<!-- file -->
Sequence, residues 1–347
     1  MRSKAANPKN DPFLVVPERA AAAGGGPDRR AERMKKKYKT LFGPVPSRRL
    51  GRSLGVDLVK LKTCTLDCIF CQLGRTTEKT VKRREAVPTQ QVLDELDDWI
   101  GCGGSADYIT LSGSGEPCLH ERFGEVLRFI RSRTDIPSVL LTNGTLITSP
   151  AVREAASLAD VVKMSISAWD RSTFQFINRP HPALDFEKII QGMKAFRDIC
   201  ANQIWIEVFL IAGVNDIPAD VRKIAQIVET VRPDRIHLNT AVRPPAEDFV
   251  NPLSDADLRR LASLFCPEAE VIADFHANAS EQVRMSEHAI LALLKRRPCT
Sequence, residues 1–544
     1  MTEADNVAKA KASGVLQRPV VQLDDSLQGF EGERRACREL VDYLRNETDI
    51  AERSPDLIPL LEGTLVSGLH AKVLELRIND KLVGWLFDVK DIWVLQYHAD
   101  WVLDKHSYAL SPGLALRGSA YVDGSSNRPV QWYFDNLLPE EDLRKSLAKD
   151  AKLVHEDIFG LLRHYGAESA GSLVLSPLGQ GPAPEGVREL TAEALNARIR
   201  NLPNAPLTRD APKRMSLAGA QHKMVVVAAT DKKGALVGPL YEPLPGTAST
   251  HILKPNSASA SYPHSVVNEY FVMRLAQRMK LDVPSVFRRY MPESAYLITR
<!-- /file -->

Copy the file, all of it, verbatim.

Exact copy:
Sequence, residues 1–347
     1  MRSKAANPKN DPFLVVPERA AAAGGGPDRR AERMKKKYKT LFGPVPSRRL
    51  GRSLGVDLVK LKTCTLDCIF CQLGRTTEKT VKRREAVPTQ QVLDELDDWI
   101  GCGGSADYIT LSGSGEPCLH ERFGEVLRFI RSRTDIPSVL LTNGTLITSP
   151  AVREAASLAD VVKMSISAWD RSTFQFINRP HPALDFEKII QGMKAFRDIC
   201  ANQIWIEVFL IAGVNDIPAD VRKIAQIVET VRPDRIHLNT AVRPPAEDFV
   251  NPLSDADLRR LASLFCPEAE VIADFHANAS EQVRMSEHAI LALLKRRPCT
Sequence, residues 1–544
     1  MTEADNVAKA KASGVLQRPV VQLDDSLQGF EGERRACREL VDYLRNETDI
    51  AERSPDLIPL LEGTLVSGLH AKVLELRIND KLVGWLFDVK DIWVLQYHAD
   101  WVLDKHSYAL SPGLALRGSA YVDGSSNRPV QWYFDNLLPE EDLRKSLAKD
   151  AKLVHEDIFG LLRHYGAESA GSLVLSPLGQ GPAPEGVREL TAEALNARIR
   201  NLPNAPLTRD APKRMSLAGA QHKMVVVAAT DKKGALVGPL YEPLPGTAST
   251  HILKPNSASA SYPHSVVNEY FVMRLAQRMK LDVPSVFRRY MPESAYLITR